EMPIRE BY COERCION
Towards the end of 1949 the bipolar structure of the world had already taken shape. Both the United States and the USSR had decided that there was no longer any ground for their cooperation, and moreover that to do so would threaten their own world position. Hence the most pressing issues that faced the victor powers remained unresolved. No collective peace treaty was signed with Japan, and Germany ended up as two separate states. German division was not premeditated, but with hindsight, it was probably inevitable.1 As early as the Potsdam Conference, the U.S. had given up the idea of running Germany on a quadripartite basis because Secretary of State Byrnes had come to believe that cooperation with the USSR on the basis of common goals was not possible. After the Potsdam conference American policy in Germany was totally transformed, and this transformation—the idea that Germany and the rest of Europe would not be divided on a friendly basis—set the major powers at odds with each other.2 It is also likely that Stalin and Molotov, in fear of a strong, remilitarized West Germany, kept on hoping for a united Germany with Soviet military presence until Stalin's note of 1952 was turned down by the Western powers. Stalin's successors would have been willing even to accept a unified and demilitarized Germany in order to avoid the FRG's membership in NATO and the EDC.3 World politics seemed now to function as a zero sum game: a loss for one superpower was a gain for the other.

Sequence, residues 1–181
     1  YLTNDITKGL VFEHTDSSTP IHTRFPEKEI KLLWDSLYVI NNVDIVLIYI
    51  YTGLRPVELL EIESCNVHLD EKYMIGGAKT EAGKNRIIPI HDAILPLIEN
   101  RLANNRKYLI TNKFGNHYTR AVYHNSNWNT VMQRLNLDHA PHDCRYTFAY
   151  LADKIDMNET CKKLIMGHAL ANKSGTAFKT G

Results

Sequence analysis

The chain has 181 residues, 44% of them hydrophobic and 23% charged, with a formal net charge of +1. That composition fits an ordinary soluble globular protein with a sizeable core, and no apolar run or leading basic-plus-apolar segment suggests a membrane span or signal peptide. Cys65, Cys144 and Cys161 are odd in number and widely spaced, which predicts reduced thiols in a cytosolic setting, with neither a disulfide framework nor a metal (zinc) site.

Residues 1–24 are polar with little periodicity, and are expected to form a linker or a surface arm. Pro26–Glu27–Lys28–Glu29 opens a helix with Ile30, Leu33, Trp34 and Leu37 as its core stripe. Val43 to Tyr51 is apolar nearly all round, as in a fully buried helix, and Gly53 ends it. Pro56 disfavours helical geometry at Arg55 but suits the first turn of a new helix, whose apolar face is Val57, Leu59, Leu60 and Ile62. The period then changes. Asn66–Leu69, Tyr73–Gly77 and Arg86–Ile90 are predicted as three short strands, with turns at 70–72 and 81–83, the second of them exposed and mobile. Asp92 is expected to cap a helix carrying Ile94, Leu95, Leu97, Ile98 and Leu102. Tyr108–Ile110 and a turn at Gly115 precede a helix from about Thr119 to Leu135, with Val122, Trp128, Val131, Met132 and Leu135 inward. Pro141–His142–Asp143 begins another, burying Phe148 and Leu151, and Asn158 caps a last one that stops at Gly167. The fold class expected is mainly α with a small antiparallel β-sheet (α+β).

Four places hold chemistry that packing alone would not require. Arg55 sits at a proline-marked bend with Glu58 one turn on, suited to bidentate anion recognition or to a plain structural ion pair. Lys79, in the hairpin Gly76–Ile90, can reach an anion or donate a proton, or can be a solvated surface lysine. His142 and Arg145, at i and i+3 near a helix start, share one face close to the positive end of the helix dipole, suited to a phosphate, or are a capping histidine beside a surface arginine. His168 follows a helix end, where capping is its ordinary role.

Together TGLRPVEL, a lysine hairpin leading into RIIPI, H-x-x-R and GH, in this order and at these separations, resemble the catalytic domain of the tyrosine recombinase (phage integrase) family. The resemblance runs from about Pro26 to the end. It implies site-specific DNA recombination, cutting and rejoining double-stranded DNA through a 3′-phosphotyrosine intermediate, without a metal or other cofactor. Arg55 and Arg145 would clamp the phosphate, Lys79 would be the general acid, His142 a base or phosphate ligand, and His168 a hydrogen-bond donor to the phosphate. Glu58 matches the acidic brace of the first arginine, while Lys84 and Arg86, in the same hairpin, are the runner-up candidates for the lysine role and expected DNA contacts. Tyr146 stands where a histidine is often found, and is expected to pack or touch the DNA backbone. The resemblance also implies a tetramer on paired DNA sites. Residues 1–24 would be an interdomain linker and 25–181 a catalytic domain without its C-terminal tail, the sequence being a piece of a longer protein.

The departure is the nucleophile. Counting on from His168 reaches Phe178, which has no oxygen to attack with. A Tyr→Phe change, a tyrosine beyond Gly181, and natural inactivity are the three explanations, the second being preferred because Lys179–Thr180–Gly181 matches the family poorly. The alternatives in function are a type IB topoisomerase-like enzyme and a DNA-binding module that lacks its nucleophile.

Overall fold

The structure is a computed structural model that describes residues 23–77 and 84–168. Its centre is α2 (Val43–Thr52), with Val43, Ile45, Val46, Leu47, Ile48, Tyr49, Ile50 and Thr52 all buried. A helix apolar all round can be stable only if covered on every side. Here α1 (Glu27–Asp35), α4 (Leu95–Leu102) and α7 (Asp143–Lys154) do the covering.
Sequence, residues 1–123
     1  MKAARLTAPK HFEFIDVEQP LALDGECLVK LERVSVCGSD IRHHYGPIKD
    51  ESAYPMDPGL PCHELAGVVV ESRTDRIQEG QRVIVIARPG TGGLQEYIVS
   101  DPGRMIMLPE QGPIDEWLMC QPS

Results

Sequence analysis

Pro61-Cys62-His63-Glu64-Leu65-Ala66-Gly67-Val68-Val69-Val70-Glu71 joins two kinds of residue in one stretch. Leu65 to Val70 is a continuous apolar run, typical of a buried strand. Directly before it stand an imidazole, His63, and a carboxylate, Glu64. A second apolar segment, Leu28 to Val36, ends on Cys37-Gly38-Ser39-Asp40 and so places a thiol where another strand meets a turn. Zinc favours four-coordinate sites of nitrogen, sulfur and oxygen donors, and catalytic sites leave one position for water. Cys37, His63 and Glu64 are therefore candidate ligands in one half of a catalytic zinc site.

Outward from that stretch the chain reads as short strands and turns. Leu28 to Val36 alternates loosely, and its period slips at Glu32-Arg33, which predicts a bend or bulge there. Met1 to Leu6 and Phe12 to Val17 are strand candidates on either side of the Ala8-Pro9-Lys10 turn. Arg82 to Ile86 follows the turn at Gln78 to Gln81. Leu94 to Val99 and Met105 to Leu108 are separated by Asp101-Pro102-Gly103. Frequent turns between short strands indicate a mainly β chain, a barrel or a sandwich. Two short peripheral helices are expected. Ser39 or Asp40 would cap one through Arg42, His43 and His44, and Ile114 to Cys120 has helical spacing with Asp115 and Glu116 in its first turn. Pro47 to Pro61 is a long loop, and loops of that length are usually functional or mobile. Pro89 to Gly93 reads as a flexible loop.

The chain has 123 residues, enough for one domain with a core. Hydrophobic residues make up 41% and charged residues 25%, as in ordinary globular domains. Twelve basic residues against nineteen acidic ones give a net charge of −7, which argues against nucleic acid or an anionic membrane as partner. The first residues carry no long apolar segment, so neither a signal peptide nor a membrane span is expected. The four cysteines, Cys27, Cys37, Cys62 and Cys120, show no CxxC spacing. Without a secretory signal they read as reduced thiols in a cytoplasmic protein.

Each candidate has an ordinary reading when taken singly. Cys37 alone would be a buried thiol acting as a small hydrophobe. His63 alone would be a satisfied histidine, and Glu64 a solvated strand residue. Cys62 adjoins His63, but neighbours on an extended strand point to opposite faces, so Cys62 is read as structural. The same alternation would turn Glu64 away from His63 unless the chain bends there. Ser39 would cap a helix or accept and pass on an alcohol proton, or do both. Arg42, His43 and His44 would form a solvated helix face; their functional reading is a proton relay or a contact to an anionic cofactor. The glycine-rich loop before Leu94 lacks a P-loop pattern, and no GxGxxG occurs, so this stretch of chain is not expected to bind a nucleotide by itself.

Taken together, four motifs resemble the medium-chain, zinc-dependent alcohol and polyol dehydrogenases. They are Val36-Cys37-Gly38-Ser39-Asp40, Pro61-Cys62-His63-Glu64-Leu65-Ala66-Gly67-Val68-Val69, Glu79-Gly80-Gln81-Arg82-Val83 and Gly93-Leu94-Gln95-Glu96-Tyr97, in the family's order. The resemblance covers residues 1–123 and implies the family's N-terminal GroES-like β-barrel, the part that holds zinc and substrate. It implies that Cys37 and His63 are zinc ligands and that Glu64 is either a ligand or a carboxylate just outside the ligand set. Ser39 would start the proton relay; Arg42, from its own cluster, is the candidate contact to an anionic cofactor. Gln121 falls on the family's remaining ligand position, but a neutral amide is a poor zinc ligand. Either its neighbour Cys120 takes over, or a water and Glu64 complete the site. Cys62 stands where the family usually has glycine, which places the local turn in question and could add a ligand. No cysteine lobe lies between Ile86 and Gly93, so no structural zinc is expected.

A case in point was China, where Mao Zedong's victory meant the “loss” of the country to the United States. Stalin exploited the victory of Mao's Communist movement by signing a pact of friendship that guaranteed military, political and economic gains for the Soviet Union. It is true that Moscow recognized Chinese sovereignty and the treaty reflected Mao's desire to preserve as much freedom of action and flexibility as possible in foreign policy matters and gave China license to operate on its own in matters concerning Asia.4 In Korea the great powers got embroiled in unintended confrontation. Soon after the Sino-Soviet pact was concluded, the Kremlin, acting in the belief that a revolutionary situation existed in Korea, lent support to the North Korean dictator's attack on South Korea. Stalin, who thought that a friendly regime in the whole Korean peninsula was